August 25, 2011
Letter from Ecuador
Photo: Kevin R. Horn Next month marks a full year of work on the Tingo water system. In previous posts I described the process of site surveying and planning, and then how in late January we finally began construction. Earlier this summer we finished the intake, sedimentation tank, and pump house, three structures which will, […]
Photo: Kevin R. Horn
Next month marks a full year of work on the Tingo water system. In previous posts I described the process of site surveying and planning, and then how in late January we finally began construction. Earlier this summer we finished the intake, sedimentation tank, and pump house, three structures which will, respectively, collect groundwater, clean it of sediment, and send it upwards to the community through 3,300 feet of stainless steel and high-grade-PVC piping. At the top of the mountain the water will gather in a storage tank and then flow down the other side of the slope through another set of pipes that connect to individual households. The piecemeal construction schedule – we built each segment of the system as time and logistics allowed – means that we have finished the first and last parts of the system – the intake and pump house and the distribution system – but have yet to lay stainless steel pipe to connect the water source to the community tank. In September we hope to do that.
As I write, a group of American engineers, recently arrived from Pittsburgh, work on the foundation and walls for the storage tank, which sits at the highest point in the village. They are the second group to visit this year from the nonprofit Engineers Without Borders (EWB), the organization that is responsible, along with engineering students from the University of Pittsburgh, for the design of the entire water system. Under their supervision this week we will pour concrete and bend rebar, and embed galvanized iron and PVC piping within the walls and floors of the tank.
Photo: Barbara Pavliakova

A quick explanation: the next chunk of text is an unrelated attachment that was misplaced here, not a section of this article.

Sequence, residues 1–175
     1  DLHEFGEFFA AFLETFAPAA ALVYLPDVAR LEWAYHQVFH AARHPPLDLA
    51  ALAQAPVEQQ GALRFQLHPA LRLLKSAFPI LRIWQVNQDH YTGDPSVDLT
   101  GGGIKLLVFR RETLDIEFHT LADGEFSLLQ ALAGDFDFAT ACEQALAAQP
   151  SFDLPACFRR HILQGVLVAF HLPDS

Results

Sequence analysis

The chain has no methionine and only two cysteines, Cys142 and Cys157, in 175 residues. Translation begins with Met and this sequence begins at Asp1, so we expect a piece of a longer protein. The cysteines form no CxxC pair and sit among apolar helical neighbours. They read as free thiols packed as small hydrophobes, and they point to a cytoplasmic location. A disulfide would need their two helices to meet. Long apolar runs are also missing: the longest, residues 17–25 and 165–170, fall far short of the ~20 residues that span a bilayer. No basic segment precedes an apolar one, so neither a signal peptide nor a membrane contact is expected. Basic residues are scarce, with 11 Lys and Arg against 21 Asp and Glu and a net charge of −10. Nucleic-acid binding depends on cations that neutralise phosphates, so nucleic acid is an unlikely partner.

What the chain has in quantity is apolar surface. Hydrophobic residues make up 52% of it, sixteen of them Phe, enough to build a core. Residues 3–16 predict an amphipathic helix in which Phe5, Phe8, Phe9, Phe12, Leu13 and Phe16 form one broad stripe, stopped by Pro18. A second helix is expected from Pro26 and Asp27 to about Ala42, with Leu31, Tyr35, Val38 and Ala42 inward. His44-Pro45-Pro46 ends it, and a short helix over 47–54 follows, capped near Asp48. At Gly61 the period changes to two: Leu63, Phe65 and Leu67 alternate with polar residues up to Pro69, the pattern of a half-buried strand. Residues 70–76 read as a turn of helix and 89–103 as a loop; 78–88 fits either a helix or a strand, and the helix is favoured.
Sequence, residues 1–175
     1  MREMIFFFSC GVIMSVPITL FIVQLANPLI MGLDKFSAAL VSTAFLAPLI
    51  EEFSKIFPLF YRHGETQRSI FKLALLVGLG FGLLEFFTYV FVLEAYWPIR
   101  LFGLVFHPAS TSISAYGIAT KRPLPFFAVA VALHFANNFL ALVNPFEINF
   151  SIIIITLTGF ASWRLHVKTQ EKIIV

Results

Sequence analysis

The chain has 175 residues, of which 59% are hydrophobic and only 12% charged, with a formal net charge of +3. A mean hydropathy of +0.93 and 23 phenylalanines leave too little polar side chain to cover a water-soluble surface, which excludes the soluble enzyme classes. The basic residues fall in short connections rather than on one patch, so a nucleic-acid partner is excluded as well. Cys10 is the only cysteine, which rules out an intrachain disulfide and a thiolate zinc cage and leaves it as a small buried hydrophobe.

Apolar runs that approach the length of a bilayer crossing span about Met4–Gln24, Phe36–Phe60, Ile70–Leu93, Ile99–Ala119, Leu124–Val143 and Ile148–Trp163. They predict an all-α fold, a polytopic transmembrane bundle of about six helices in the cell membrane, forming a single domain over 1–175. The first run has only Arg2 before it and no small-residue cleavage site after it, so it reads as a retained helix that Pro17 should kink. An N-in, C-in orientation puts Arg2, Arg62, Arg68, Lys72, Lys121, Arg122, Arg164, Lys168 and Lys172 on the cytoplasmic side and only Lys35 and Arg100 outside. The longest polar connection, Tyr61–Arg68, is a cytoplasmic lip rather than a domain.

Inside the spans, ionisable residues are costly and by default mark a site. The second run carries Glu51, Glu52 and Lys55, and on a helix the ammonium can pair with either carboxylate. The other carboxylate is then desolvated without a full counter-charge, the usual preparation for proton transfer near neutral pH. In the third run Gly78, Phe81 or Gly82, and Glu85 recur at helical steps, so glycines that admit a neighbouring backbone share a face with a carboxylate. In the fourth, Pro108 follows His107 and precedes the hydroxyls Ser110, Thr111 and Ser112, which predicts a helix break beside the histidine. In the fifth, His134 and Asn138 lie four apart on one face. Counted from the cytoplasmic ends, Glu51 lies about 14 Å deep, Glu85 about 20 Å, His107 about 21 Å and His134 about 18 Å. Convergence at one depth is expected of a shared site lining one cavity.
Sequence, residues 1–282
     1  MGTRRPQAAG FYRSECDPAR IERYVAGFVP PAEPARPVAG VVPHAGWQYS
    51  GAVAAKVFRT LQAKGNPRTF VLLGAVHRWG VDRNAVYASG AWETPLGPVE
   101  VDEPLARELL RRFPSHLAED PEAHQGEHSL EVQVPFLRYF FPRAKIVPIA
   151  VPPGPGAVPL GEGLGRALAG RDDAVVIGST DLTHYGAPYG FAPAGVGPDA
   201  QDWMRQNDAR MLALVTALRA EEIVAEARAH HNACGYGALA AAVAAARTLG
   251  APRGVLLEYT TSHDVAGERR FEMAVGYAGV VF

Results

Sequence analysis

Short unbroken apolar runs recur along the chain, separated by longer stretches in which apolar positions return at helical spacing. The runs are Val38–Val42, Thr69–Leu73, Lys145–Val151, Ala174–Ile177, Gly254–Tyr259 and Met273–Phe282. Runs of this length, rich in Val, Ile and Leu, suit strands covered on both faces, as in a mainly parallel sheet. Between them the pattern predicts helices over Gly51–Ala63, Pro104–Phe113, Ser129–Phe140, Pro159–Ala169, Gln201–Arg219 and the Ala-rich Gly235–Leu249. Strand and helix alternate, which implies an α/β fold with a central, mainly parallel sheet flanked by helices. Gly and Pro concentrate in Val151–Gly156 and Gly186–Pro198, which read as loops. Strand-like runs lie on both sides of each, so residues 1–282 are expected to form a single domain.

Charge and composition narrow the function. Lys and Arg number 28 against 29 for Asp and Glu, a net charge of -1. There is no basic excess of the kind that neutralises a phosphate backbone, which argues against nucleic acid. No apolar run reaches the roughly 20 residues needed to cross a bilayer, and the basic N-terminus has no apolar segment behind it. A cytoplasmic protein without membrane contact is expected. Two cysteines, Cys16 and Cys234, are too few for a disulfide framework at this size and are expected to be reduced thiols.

The design of the tank, like every other aspect of the system, is a combined effort of dozens of professional and student volunteers back in Pittsburgh, who supply the kind of technical knowledge that we in the village do not have.
But the Tingo villagers bring construction experience that many of the engineers lack. There is no industry here in remote Guangaje, and to earn money men often find seasonal work as day laborers during two or three week stints in Quito and Guayaquil. And so the process of building has become a compromise between American design expertise and Ecuadorian practical know-how. We, in Tingo, build according to the designs we’re sent. But given the idiosyncrasies of the construction process here – local materials that don’t correspond to their American equivalents, unforeseen on-site complications – the procedure often deviates from the initial plan.
Disagreements are not uncommon between engineers and locals, who often insist on greater structural redundancy (in the form of more rebar more concrete) than is actually needed. But the Tingoans’ suggestions – a faster way to build something, an alternative method given available tools – often accord better with the practical reality of an Ecuadorian building site. In this way, during the Americans’ visits to Tingo a general working process has emerged: the engineers propose an idea, the villagers suggest another, and some combination joins best building practices with the practical and economic necessities of the day.
Photo: Barbara Pavliakova
I should confess, however, that I have not always had such confidence in the abilities of the local maestros de construcción. The villagers in Tingo have little schooling – no high school, much less college degrees – and limited capacity with complex math. There is no doubt that they would be unable to design the water system themselves. But in the first months of construction, their lack of formal education, along with my faith in the American engineers and their degrees, blinded me to the very real skills and knowledge that the Tingoans do possess. Over the course of decades spent in and around worksites they have developed good instincts in the place of formal education.
George Beane returned to New York, his home town, after graduating from college in 2008. He worked for Metropolis (writing some memorable blog posts for this site) for a year before leaving, last June, for the Ecuadorian sierra.